New Cat Vaccine Could Cure Allergic Reactions To Cats

Just sitting on a couch that a cat has laid on is enough for some people to get itchy eyes and a running nose. Anyone allergic to cats understands how annoying this can be, especially if you're a cat lover or everybody you know seem to own one.

Luckily, this annoyance could soon be something of the past. Scientists at University Hospital Zurich, Switzerland, have revealed that they are developing cats' vaccines to bring to an end the misery of anyone allergic to cats.

Having Cats Allergy Can Be a Daylight Nightmare

According to medical research, 10 percent of allergy patients are allergic to pets, whether dogs or cats. Symptoms range from mild sniffles to severe allergic reactions that can need hospitalization.

Some common allergic effects include itchy eyes, rashes, constant bouts of sneezing, and runny noses. And some people can feel the impact by just entering the same room as a cat, let alone trying to touch it.

We all know it feels miserable to want to live with cats, when at the same time, you know you're assigning to a life of wiping your nose and eyes day after day.

Though Cats are Beautiful Creatures, They're Notoriously Hairy

Unless you're prepared to invest in some considerable amount of cash to buy a hairless feline, you have to give up living with cats or endure the annoying allergy symptoms. That is, for now.

Scientists Are Soon Developing a "Vaccine" That'll Virtually Eliminate Cat Allergies in Humans

The "HypoCat vaccine" is likely a solution to anyone who has ever found themselves in a sniffling, itchy mess after their beloved cat climbed onto their lap for a warm cuddle.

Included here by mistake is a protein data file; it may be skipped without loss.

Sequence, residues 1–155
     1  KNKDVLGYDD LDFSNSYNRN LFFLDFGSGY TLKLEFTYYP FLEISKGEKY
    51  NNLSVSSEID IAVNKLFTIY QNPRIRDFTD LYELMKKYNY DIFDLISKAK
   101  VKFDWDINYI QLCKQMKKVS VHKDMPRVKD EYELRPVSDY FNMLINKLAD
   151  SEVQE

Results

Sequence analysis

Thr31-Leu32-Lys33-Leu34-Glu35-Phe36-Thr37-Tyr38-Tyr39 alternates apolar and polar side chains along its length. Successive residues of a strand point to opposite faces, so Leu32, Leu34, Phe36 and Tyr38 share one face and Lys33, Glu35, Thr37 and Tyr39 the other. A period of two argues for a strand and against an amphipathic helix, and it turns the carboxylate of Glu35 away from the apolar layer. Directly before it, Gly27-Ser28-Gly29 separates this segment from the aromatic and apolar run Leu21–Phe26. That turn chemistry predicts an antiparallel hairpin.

The Vaccine is for Cats, Not Humans

If you fear needles, you need not worry. The vaccine is designed to be administered to your pet through a simple injection. It's aimed to neutralize the allergy-causing protein, called Fel-d1, found mainly in the cat's fur.

The Fel-d1 protein attaches to tiny particles of felines' dry skin that fall off onto the cat's surroundings, including air, on the couch, bed, or the floor.

When these particles get into your breathing system, they make your immune system think it's under attack. It responds by triggering a rush of histamine.

The Vaccine Triggers the Cat's Immune System, Producing Antibodies That Fight and Destroy the Fel-d1 Protein

Researchers injected 54 cats with the vaccine. All of them produced antibodies that could help destroy the protein that causes discomfort in many people.

The researchers said:

"Both humans and animals could profit from this treatment. Allergic cat owners would reduce their risk of developing chronic diseases, such as asthma."

"Their cats could stay in the households and not need to be relinquished to animal shelters."

According to the researchers' report, the vaccine is safe and doesn't cause any side-effects.

They concluded:

"The vaccine was well tolerated and had no overt toxic effect."

So, to weepers and sneezers out there, who have an allergy to cats, get ready to cuddle your cats all over again. Your time of allergy-free living might be coming much sooner than you thought.